Small Businesses Struggle Amid Lingering Inflation and Hiring Woes

Small business
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In the challenging economic landscape of August, small businesses across the United States faced persistent hurdles, from the relentless grip of inflation to the difficulties of recruiting qualified personnel. A recent survey conducted by the National Federation of Independent Business (NFIB) reveals the somber mood prevailing among these entrepreneurs. This comprehensive report delves into the key findings of the survey, shedding light on the myriad issues plaguing small businesses.

Small Business Sentiment Dips in August

The optimism that had been slowly on the rise for three consecutive months took a downturn in August, leaving small business owners concerned about their prospects. Notably, this marks the 20th successive month that sentiment has remained below the 49-year average of 98. As expectations for improved business conditions over the next six months deteriorated by seven points compared to July, it became evident that optimism was still struggling to emerge from recessionary levels.

Challenges in Hiring

One of the prominent challenges faced by small business owners is finding qualified candidates to fill job openings. Last month, 40% of small business owners reported difficulty in filling job vacancies. While this figure represented a slight improvement from July, it still remained historically high. The shortage of skilled workers continues to be a significant roadblock for Main Street.

Inflation Persists Amid a Weaker Economy

Inflation, a persistent concern, showed some signs of slowing in recent months, thanks in part to the Federal Reserve’s aggressive interest rate hikes. While the August Consumer Price Index from the Labor Department was highly anticipated as a gauge of inflation, the U.S. economy demonstrated resilience. Consumer spending surged by 0.8% in July, and retail sales also showed a positive trend during that month.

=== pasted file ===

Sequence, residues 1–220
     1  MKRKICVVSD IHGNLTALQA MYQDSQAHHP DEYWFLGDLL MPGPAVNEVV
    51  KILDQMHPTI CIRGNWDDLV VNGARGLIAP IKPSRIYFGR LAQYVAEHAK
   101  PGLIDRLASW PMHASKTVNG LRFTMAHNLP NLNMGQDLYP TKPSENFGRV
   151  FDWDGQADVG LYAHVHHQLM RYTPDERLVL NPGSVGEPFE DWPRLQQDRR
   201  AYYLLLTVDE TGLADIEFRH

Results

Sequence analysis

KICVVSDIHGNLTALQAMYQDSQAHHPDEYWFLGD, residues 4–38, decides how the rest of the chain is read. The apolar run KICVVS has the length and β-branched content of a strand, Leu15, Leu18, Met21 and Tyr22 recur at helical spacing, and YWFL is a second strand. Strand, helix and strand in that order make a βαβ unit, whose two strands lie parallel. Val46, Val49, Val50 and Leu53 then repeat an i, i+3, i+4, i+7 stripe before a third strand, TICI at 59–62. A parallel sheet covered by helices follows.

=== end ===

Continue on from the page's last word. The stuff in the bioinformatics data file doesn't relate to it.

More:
However, American consumers grapple with several economic challenges in the current year, including the resumption of student loan payments, dwindling savings, reduced access to new credit, and the prospect of additional interest rate hikes. The latest “Beige Book” report from the Fed, based on business surveys, suggests that many firms are preparing for weaker consumption in the months ahead, particularly in sectors that experienced a surge after the pandemic-era shutdowns.

Hope for a Soft Landing

Despite these headwinds, there is optimism that the U.S. economy may avoid a sharp downturn. Some economists, such as those at Goldman Sachs, have become more optimistic about the possibility of a soft landing, where inflation gradually slows down without a significant increase in unemployment. This optimism stems from the economy’s surprising resilience.

Simona Mocuta, Chair of the American Bankers Association’s Economic Advisory Committee and Chief Economist at State Street Global Advisors, emphasized the importance of the ongoing battle against inflation. However, she also noted a better balance between supply and demand across various sectors, indicating a positive trend toward disinflation.


In summary, small businesses in the United States are grappling with persistent challenges, including inflationary pressures and difficulties in hiring. Despite these hurdles, the economy demonstrates resilience, offering hope for a soft landing in the face of ongoing inflation concerns.